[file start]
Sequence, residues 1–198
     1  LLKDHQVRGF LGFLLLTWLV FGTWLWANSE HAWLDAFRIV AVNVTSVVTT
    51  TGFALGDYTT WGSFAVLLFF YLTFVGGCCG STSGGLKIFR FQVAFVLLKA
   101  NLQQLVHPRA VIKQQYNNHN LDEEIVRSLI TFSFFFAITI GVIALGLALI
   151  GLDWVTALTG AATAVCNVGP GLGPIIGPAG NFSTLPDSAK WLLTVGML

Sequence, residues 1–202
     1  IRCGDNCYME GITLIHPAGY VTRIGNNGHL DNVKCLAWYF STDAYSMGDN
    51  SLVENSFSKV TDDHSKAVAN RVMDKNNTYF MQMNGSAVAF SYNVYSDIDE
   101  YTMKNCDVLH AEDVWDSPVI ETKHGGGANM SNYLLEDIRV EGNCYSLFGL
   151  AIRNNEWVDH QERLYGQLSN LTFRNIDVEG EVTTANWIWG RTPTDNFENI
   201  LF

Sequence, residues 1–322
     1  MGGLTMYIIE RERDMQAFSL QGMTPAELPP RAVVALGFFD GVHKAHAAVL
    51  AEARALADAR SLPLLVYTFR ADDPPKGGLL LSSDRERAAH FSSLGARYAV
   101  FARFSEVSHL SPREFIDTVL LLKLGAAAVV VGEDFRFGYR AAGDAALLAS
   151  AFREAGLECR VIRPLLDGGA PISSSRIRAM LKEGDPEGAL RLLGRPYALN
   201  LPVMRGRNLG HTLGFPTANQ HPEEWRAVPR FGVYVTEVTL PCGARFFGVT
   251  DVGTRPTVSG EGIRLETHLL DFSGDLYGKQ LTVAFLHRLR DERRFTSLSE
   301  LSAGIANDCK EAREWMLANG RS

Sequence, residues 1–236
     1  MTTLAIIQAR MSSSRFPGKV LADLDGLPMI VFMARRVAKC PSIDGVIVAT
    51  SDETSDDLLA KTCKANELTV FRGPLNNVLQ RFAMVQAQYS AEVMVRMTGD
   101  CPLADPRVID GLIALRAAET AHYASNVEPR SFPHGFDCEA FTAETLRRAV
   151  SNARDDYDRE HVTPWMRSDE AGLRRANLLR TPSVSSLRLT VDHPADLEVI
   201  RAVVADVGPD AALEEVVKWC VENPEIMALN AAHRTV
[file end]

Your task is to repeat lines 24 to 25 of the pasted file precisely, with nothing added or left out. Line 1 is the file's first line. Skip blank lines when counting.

   151  SNARDDYDRE HVTPWMRSDE AGLRRANLLR TPSVSSLRLT VDHPADLEVI
   201  RAVVADVGPD AALEEVVKWC VENPEIMALN AAHRTV